“Today’s youth seem to be no more narcissistic and self-aggrandizing than previous generations,” write the authors.  “We were unable to find evidence that either narcissism or the closely related construct of self-enhancement has increased over the past three decades.”

The findings run counter to previous research and media reports claiming that narcissism has been steadily increasing among college students, leading some behavioral scientists to dub today’s youth as “generation me.”

But it appears, at least for now, that the youth of American have won a reprieve from being scolded as more aloof and self-involved than previous generations.

This research is scheduled to appear in the February issue of Psychological Science, a journal of the Association for Psychological Science.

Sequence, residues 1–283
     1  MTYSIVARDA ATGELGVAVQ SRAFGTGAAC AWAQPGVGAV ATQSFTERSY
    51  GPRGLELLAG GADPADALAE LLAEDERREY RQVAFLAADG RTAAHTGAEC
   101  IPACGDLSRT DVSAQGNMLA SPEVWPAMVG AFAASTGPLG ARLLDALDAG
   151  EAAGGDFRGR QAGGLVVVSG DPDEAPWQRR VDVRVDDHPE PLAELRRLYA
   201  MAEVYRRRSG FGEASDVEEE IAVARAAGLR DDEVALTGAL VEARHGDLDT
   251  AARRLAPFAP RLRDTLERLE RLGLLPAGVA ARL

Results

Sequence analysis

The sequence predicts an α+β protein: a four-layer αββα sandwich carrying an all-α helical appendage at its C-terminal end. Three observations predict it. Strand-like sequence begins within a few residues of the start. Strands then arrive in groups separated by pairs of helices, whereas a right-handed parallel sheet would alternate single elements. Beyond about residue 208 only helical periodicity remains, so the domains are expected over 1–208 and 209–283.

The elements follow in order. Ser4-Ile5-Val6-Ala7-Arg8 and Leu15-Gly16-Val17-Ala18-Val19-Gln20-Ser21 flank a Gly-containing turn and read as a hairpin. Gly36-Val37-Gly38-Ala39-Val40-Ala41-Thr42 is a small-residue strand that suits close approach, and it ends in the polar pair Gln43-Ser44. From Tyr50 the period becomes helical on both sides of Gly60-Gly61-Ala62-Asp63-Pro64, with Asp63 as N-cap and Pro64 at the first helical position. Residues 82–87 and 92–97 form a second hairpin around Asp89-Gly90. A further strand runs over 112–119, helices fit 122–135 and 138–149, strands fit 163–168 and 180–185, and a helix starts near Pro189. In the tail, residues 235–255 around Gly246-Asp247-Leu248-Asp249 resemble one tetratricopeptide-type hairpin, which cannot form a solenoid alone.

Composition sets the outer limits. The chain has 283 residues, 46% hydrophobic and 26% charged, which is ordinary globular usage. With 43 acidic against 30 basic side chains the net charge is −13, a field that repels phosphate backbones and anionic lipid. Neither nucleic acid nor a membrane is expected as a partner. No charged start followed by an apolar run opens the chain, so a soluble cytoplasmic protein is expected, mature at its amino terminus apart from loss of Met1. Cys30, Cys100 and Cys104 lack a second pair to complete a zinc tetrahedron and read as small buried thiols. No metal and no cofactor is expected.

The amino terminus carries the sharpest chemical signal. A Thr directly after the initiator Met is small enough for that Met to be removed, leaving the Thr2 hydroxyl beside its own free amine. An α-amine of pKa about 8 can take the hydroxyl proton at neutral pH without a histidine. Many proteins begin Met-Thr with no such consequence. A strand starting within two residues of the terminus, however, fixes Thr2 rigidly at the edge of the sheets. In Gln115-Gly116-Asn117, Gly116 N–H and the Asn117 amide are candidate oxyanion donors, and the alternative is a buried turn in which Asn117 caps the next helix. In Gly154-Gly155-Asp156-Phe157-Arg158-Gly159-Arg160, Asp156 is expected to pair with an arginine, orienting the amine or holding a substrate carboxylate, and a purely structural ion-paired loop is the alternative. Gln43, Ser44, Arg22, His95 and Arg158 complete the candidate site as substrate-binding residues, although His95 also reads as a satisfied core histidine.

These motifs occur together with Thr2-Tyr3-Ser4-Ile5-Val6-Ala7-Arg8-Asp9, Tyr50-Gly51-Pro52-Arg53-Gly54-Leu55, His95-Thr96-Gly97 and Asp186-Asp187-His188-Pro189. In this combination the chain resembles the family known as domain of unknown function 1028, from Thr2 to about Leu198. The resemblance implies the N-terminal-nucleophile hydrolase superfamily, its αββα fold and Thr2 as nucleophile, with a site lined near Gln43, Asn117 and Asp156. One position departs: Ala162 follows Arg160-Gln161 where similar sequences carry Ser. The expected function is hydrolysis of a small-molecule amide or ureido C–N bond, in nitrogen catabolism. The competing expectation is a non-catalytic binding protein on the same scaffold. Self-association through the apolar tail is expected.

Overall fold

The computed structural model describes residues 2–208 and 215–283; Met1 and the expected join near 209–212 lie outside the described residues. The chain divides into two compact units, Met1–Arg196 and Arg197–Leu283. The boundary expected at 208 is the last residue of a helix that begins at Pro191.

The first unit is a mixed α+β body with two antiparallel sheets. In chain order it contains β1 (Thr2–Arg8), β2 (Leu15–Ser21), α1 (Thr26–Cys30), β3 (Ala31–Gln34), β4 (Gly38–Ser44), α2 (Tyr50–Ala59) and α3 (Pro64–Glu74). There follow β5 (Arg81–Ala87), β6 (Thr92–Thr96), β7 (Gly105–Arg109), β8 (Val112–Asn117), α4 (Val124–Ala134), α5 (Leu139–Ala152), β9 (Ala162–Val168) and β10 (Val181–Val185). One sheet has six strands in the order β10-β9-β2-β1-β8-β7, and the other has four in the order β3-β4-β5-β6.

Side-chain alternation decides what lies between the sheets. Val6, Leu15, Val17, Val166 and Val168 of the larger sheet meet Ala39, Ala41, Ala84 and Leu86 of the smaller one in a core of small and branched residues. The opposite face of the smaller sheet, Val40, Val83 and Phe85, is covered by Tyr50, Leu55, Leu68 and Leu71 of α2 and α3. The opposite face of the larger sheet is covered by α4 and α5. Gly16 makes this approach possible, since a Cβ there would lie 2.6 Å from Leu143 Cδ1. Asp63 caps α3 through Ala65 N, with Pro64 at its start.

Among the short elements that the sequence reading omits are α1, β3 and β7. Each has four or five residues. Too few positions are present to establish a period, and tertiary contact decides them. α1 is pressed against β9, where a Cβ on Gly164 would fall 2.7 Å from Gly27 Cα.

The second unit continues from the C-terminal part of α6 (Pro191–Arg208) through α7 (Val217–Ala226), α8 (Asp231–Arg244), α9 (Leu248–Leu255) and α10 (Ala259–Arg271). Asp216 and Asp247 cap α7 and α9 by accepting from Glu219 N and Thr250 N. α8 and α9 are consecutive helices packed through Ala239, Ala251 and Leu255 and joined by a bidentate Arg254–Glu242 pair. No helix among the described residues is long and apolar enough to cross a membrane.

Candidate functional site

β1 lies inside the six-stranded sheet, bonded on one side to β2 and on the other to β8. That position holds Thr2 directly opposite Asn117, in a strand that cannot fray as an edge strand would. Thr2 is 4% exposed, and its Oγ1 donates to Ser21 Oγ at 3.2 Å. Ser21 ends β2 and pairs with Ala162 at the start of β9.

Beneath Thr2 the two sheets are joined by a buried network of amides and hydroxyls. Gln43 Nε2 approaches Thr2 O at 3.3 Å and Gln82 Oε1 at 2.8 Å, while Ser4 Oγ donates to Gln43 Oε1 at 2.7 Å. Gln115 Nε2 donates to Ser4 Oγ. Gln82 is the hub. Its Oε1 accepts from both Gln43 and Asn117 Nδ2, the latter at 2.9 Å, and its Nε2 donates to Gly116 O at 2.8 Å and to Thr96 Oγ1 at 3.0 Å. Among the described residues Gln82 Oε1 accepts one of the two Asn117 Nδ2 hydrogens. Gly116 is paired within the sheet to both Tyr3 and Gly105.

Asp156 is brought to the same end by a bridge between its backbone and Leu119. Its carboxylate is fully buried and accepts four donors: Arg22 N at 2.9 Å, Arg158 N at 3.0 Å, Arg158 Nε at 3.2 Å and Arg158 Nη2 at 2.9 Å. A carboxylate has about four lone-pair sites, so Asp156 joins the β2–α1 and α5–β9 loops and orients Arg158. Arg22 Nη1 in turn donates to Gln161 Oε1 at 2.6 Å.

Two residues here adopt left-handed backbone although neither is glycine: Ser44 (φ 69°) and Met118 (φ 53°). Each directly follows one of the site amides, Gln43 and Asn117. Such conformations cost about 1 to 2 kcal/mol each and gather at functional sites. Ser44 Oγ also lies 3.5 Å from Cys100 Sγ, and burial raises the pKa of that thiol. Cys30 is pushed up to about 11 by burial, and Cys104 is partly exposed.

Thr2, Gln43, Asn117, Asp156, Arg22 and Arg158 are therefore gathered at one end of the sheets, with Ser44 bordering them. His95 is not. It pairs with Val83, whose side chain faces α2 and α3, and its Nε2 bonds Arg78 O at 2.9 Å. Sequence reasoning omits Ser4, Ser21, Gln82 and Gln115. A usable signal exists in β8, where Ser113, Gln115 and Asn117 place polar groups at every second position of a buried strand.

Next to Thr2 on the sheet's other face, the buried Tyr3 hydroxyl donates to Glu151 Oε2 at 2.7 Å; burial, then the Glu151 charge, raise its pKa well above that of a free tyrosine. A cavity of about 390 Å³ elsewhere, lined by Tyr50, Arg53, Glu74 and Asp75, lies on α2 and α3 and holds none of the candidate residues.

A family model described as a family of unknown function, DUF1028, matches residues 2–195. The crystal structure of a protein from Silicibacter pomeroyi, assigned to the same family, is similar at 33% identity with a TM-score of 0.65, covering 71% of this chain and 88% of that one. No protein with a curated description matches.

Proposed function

Story Source:

The above story is based on materials provided by Association for Psychological Science. Note: Materials may be edited for content and length.


Cite This Page:

Association for Psychological Science. "Do Today's Young People Really Think They Are So Extraordinary?." ScienceDaily. ScienceDaily, 18 January 2008. <www.sciencedaily.com/releases/2008/01/080117101459.htm>.
Association for Psychological Science. (2008, January 18). Do Today's Young People Really Think They Are So Extraordinary?. ScienceDaily. Retrieved January 26, 2015 from www.sciencedaily.com/releases/2008/01/080117101459.htm
Association for Psychological Science. "Do Today's Young People Really Think They Are So Extraordinary?." ScienceDaily. www.sciencedaily.com/releases/2008/01/080117101459.htm (accessed January 26, 2015).

Share This


More From ScienceDaily



More Mind & Brain News

Monday, January 26, 2015

Featured Research

from universities, journals, and other organizations


Featured Videos

from AP, Reuters, AFP, and other news services

How Technology Is Ruining Snow Days For Students

How Technology Is Ruining Snow Days For Students

Newsy (Jan. 25, 2015) — More schools are using online classes to keep from losing time to snow days, but it only works if students have Internet access at home. Video provided by Newsy
Powered by NewsLook.com
Weird Things Couples Do When They Lose Their Phone